Best Places to Visit in Nagaland
Perched right at the far Northeastern tip of India, Nagaland sometimes appears to be in danger of falling off India's map.
Largely hilly, Nagaland is packed with forests and ever-changing scenery, with each scene better than the last. The tribes have come a long way from their head-hunting days (at least 200 years) and the people are shy but friendly, warm and hospitable.
Contrary to popular notion, the Naga diet is surprisingly ordinary; food is spicy and tasty, relying on rice, beef, pork, chicken, fish and greens and not overly difficult for vegetarians to subsist. Though the roads are a tad treacherous in places, it is also quire safe, all of which make for an eminently satisfying visit.
Nagaland's capital Kohima is itself located on a hill, or rather a series of hillsides. Winding roads and steep inclines make for a pretty town. It has a vibrant feel to and is as urbanized as any other Indian mid-level town.
Churches are scattered all over with the Catholic Church on Aradura Hill being the largest. A zoo and museum make for interesting viewing, but by far the War Cemetery maintained by the Commonwealth Graves Commission is a dignified place while the Kohima market is an interesting place to stroll around with such items as eels, mud snails and oakwood worms on display.
Just outside Kohima is Kisama, home to the Naga Heritage Village where the famous annual Hornbill Festival is held. A sprawling ground, it is designed to provide a glimpse of Nagaland in a nutshell with 16 morungs (traditional communal hostels), belonging to the various tribes and built in such as way as to represent their location on a map of Nagaland. Each is different and distinct, incorporating all major Naga symbols -- mithun (a kind of gaur) heads and horns, spears, daos (machetes), hornbill symbols, totem poles and monoliths. http://www.atriptoindia.com/
About 20 km to the Southwest of Kohima is the picturesque Khonoma, located in the land of the Angami tribe, and famous for its fierce warriors and strategists. It is here that the British met their stiffest resistance.
These days however, the village has taken up a different fight. It has banned hunting and adopted measures for bio-diversity, earning the title of Green Village. The village houses are all green-roofed, the roads are lined with green dust bins and the village is lit by solar-powered street lights.
Inclined paths and rough-hewn steps run up and down the village. In the centre of the village is a set of communal water tanks fed by a pipe bringing water from somewhere in the hills used by families to wash clothes and bathe.
Some distance away, a long flight of steps, starting with the ceremonial village entrance, leads to a viewing point as well as to a white heritage monument commemorating the death of two British officers who died fighting the Naga warriors in 1879.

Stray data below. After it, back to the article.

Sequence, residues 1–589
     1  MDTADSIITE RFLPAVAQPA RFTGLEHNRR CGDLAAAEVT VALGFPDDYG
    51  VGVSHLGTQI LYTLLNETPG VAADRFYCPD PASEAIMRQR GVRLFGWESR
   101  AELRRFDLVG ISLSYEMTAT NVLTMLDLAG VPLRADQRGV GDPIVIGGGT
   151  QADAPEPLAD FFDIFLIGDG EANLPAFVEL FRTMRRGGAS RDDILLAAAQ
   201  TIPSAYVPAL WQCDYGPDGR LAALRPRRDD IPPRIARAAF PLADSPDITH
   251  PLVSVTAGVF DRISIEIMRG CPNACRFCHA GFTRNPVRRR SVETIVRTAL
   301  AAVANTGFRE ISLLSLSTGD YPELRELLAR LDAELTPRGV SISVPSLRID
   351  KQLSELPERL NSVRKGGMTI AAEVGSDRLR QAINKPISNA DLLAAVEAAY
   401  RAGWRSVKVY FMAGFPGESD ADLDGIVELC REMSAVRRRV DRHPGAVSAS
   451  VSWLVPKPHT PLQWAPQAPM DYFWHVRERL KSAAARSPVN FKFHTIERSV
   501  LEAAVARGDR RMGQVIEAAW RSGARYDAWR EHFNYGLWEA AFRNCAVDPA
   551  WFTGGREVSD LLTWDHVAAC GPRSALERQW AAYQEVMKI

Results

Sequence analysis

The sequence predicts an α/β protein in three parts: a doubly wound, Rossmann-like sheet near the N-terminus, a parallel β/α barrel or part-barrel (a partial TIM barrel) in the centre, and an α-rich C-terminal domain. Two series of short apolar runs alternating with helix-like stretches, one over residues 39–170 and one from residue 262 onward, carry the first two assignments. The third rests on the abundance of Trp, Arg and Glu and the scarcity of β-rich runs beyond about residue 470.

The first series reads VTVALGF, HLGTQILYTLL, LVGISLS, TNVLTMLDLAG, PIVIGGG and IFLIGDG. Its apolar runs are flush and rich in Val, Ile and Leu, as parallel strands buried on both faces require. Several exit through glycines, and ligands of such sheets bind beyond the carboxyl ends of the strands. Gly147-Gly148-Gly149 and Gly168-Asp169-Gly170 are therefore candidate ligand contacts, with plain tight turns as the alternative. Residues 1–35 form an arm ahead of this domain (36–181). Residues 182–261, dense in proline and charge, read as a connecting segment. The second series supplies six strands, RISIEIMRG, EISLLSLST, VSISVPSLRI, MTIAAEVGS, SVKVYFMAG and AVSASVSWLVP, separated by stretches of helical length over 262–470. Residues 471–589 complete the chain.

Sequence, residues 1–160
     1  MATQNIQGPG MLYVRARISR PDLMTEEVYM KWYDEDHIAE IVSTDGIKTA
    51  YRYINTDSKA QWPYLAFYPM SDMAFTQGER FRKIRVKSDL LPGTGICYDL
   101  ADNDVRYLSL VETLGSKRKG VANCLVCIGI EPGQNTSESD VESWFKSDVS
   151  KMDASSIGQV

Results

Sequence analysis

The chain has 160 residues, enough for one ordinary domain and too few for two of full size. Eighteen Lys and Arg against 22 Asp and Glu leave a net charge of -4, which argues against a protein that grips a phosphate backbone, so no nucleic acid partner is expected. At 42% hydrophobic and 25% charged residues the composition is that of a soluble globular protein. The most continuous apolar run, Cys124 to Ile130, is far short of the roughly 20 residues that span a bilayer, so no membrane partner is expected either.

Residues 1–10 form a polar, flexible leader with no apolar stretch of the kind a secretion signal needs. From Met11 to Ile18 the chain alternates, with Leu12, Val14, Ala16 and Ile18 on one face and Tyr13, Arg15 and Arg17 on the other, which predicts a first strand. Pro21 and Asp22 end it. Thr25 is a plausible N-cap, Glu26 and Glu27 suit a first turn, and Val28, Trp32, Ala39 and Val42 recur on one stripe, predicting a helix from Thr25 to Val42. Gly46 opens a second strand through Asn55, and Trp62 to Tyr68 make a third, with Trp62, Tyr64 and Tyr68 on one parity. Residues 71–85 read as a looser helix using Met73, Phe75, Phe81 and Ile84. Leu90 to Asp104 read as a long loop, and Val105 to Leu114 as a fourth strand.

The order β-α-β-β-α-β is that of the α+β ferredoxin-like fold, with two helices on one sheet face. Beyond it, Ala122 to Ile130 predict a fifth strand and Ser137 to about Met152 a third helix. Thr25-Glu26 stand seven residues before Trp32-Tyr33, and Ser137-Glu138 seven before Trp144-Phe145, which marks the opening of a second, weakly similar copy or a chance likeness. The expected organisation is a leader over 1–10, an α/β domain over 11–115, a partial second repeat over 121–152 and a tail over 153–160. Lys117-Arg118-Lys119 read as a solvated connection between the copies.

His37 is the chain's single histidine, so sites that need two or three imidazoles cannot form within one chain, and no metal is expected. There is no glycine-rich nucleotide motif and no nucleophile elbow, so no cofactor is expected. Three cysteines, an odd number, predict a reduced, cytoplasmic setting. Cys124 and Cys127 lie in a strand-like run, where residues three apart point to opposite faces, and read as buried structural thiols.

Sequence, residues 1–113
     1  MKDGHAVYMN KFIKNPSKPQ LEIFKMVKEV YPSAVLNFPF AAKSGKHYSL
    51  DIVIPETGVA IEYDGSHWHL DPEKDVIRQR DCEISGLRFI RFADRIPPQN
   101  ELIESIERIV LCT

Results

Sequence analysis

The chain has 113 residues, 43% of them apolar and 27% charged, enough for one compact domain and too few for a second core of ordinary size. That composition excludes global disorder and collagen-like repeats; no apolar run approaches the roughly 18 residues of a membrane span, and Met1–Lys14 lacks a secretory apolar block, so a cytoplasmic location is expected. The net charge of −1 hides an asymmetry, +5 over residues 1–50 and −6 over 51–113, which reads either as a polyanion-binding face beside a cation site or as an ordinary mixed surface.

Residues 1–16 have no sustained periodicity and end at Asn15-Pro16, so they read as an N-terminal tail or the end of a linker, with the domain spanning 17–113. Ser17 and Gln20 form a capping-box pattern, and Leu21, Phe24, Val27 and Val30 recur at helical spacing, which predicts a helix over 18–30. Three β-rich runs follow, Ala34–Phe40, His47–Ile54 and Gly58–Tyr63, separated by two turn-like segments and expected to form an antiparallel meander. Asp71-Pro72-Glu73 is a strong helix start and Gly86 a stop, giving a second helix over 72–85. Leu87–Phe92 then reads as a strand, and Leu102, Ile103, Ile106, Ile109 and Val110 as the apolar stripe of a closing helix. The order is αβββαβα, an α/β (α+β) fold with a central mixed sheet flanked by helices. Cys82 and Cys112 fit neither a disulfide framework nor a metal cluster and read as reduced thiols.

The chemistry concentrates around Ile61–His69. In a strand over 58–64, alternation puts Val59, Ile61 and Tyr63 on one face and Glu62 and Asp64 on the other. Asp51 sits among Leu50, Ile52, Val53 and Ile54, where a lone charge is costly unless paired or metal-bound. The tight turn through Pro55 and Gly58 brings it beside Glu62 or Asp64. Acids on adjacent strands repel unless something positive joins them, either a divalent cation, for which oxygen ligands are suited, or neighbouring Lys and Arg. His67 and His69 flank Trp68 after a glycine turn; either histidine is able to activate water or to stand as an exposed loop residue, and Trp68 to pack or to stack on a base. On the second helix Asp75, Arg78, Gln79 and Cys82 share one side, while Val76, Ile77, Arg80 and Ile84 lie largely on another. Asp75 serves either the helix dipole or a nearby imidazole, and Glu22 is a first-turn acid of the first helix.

The almost 360 degree view, encompassing mountains, hills, valleys and farms, is breathtaking and beguiling, almost Wordsworthian.
Travelling further Southwest from Khonoma (about 65 km from Kohima) past villages with such charming names as Jotsoma and Dzulekie is the spectacularly beautiful village of Benreu in Peren district, home of the Zeliang tribe.
It is overlooked by the brooding Mount Pauna which is surrounded by fascinating legends and myths, including that of a God who arrives on a spaceship with headlights! http://www.atriptoindia.com/
Like other villages, Benreu too is a curious stacking of houses up and down the hill side, with a central courtyard in which are a couple of shops, sacred Naga monoliths and a ceremonial village gate that leads down through a steep, rocky path.
Many morungs dot the village, some of them maintained in their original style, dark and dingy with smoke and soot, hearth in the middle, a long wooden platform which served as the communal bed and roofs lined the heads of animals that were killed by the inmates.
Lying in the heart of the land of the Angamis, Tuophema is a village about 40 km from Kohima. It is noted for its successful sustainable community development programme in setting up tourist cottages providing a glimpse into Naga culture and tradition and designed to look like Angami Naga houses but with all mod cons.
A traditional kitchen, an ancient log drum and breathtaking views of the mountain ranges complete the picture. Just an arm's distance away is the village itself, flanked by the rather morbid-sounding 'head-hanging tree.'
Up a steep incline, past tiny houses with even tinier kitchen gardens and the village meeting ground, one arrives at a set of two gigantic ritual oblong stones. Scattered around the village are traditional houses adorned with carvings of pouncing tigers, mithun heads and horns, spears and daos.
Heading North from Kohima, Mokokchung is about 160 km. A strong hold of the Ao Naga tribe, the town is located almost entirely on a hill and is the biggest town in North Nagaland.
A winding road, past lovely vistas takes one to the musical sounding Mopungchuket. The village is almost perfect with clean streets and pretty houses. Two lovely and intricately carved log drums, morungs, a lake and a museum comprise the sights, along with a viewing tower that offers great panoramic views.
About 15 km from Mopungchuket, and through another winding road is the chirpy sounding, if not tongue-twisting, Chuchuyimlang, a rich repository of the Ao Naga traditions. Huts are lined along roads running off from the village centre with the usual morungs and log drums, while in the lanes it is common to see women busy weaving shawls, bamboo baskets and drying fruits and berries.
Some 30 km South of Mokokchung is Aizuto, land of the martial Sema tribe. A mysterious tank, dancers in the village common, haunting Naga songs, a hill top that offers fantastic 360 degree views and thick jungles rich with the sounds of birds make for a great visit. http://www.atriptoindia.com/